Monday, 12 October 2015

Essential ingredients of criminal breach of trust

The other aspects have also been considered by the Supreme Court on numerous occasions. In 2002 SCC (Cri) 129 (S.W. Palanitkar and others Vs. State of Bihar and another) the Supreme Court held that without mens rea a breach of trust may not result in criminal breach of trust. Every breach of trust may not result in penal offence of criminal breach of trust unless there is evidence of a mental act of fraudulent misappropriation. An act of breach of trust involves a civil wrong, in respect of which the person wronged may seek his redress for damages in a civil court, but a breach of trust with mens rea gives rise to a criminal prosecution as well. 
In (2003) 7 SCC 399 (Kailash Kumar Sanwatia Vs. State of Bihar and another) the Supreme Court held that following ingredients of offence are to be treated as criminal breach of trust; 
(1) Entrusting any person with property, or with any dominion over property. 
(2) The person entrusted (a) dishonestly misappropriating or converting to his own use that property; or (b) dishonestly using or disposing of that property or wilfully suffering any other person so as to do in violation- 
(i)of any direction of law prescribing the mode in which such trust is to be discharged; or 
(ii)of any legal contract made touching the discharge of trust. 

In AIR 1983 SC 631 (Roshan Lal Raina Vs. State of Jammu and Kashmir), we found that proof of entrustment is the basic ingredient for the proof of guilty of offence of criminal breach of trust. However, such reference is arising out of Section 409 R.P.C. 
ALLAHABAD HIGH COURT
Criminal Misc. Writ Petition No. 11675 of 2005. 

Pradeep Agrawal alias Sappu. ....... ........ Petitioner. 
Versus 
State of U.P. through Secretary, 
(Home), Lucknow and others ........ ........... Respondents. 
---------- 
Present: 
(Hon'ble Mr. Justice Amitava Lala and Hon'ble Mr. Justice Shiv Shanker) 
Dated:21st December, 2005. 

Amitava Lala, J.-- According to the story of the informant in the first information report, the petitioner did not refund the amount of Rs. 50,000/- taken for his personal requirement on 26th June, 2002. In further, it has said that the petitioner returned Rs. 10,000/- only but not the rest in spite of admitting the loan. As a result whereof, the informant had to file the first information report on 03rd September, 2005. It appears that the date is after about three years three months from the date of taking alleged loan. The first information report has been lodged under Section 406 of the Indian Penal Code. Section 406 I.P.C. is in respect of punishment for criminal breach of trust, whereas, Section 405 I.P.C. is giving definition of criminal breach of trust. Section 405 I.P.C. is as follows:-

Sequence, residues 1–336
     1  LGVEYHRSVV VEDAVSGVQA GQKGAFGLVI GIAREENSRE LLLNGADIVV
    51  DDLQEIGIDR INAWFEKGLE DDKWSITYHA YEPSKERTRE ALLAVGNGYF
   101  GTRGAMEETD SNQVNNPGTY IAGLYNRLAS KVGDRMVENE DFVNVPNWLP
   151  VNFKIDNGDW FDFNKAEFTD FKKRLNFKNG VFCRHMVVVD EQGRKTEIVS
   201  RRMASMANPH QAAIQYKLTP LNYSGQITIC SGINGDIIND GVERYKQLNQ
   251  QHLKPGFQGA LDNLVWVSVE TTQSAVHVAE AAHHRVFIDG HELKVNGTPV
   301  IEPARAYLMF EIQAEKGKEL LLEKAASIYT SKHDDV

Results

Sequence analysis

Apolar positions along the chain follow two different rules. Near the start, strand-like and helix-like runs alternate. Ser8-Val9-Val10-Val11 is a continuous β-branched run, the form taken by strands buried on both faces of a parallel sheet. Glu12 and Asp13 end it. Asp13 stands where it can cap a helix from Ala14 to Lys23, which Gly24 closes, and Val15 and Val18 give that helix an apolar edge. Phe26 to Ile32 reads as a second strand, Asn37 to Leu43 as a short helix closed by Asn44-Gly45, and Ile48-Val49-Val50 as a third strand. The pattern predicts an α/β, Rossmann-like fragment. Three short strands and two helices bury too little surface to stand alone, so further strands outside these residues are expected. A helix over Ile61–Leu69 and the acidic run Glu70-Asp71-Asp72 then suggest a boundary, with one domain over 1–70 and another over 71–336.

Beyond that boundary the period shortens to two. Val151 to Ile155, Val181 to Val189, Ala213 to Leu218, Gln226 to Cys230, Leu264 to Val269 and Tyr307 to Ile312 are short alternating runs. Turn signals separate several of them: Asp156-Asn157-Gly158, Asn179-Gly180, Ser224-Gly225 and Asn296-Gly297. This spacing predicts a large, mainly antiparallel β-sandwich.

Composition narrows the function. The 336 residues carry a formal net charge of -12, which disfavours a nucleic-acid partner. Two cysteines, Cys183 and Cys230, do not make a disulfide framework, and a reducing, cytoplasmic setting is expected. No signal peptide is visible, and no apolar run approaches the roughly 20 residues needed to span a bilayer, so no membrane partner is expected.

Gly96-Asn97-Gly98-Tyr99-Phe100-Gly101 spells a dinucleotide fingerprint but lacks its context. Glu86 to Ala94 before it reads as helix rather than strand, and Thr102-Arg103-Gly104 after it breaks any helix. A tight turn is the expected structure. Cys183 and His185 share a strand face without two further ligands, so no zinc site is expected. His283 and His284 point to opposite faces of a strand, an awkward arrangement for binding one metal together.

"405. Criminal breach of trust.-- Whoever, being in any manner entrusted with property, or with any dominion over property, dishonestly misappropriates or converts to his own use that property, or dishonestly uses or disposes of that property in violation of any direction of law prescribing the mode in which such trust is to be discharged, or of any legal contract, express or implied, which he has made touching the discharge of such trust, or wilfully suffers any other person so to do, commits "criminal breach of trust". 

Explanation 1.-- A person, being an employer of an establishment whether exempted under section 17 of the Employees' Provident Funds and Miscellaneous Provisions Act, 1952 (19 of 1952), or not who deducts the employee's contribution from the wages payable to the employee for credit to a Provident Fund or Family Pension Fund established by any law for the time being in force, shall be deemed to have been entrusted with the amount for the contribution so deducted by him and if he makes default in the payment of such contribution to the said Fund in violation of the said law, shall be deemed to have dishonestly used the amount of the said contribution in violation of a direction of law as aforesaid. 

Explanation 2.-- A person, being an employer, who deducts the employees' contribution from the wages payable to the employee for credit to the Employees' State Insurance Fund held and administered by the Employees' State Insurance Corporation established under the Employees' State Insurance Act, 1948 (34 of 1948), shall be deemed to have been entrusted with the amount of the contribution so deducted by him and if he makes default in the payment of such contribution to the said Fund in violation of the said Act, shall be deemed to have dishonestly used the amount of the said contribution in violation of a direction of law as aforesaid."